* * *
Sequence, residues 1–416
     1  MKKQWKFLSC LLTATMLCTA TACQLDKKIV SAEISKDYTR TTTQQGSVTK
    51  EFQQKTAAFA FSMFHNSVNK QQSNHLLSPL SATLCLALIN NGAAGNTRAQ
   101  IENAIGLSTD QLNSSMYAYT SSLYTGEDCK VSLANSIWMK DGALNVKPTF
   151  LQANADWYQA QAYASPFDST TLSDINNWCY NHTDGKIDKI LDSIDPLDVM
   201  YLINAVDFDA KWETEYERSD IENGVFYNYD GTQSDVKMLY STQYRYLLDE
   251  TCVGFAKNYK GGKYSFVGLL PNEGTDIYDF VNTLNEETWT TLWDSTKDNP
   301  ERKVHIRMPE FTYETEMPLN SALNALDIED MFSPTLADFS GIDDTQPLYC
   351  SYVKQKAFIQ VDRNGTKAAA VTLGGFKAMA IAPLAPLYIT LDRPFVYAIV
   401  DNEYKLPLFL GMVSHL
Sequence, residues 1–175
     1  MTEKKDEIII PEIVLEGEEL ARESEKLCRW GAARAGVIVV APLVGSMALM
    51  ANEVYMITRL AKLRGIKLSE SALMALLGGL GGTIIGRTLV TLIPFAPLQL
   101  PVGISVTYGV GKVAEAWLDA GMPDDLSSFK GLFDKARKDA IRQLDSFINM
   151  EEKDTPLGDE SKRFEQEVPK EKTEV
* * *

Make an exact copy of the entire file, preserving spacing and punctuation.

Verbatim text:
Sequence, residues 1–416
     1  MKKQWKFLSC LLTATMLCTA TACQLDKKIV SAEISKDYTR TTTQQGSVTK
    51  EFQQKTAAFA FSMFHNSVNK QQSNHLLSPL SATLCLALIN NGAAGNTRAQ
   101  IENAIGLSTD QLNSSMYAYT SSLYTGEDCK VSLANSIWMK DGALNVKPTF
   151  LQANADWYQA QAYASPFDST TLSDINNWCY NHTDGKIDKI LDSIDPLDVM
   201  YLINAVDFDA KWETEYERSD IENGVFYNYD GTQSDVKMLY STQYRYLLDE
   251  TCVGFAKNYK GGKYSFVGLL PNEGTDIYDF VNTLNEETWT TLWDSTKDNP
   301  ERKVHIRMPE FTYETEMPLN SALNALDIED MFSPTLADFS GIDDTQPLYC
   351  SYVKQKAFIQ VDRNGTKAAA VTLGGFKAMA IAPLAPLYIT LDRPFVYAIV
   401  DNEYKLPLFL GMVSHL
Sequence, residues 1–175
     1  MTEKKDEIII PEIVLEGEEL ARESEKLCRW GAARAGVIVV APLVGSMALM
    51  ANEVYMITRL AKLRGIKLSE SALMALLGGL GGTIIGRTLV TLIPFAPLQL
   101  PVGISVTYGV GKVAEAWLDA GMPDDLSSFK GLFDKARKDA IRQLDSFINM
   151  EEKDTPLGDE SKRFEQEVPK EKTEV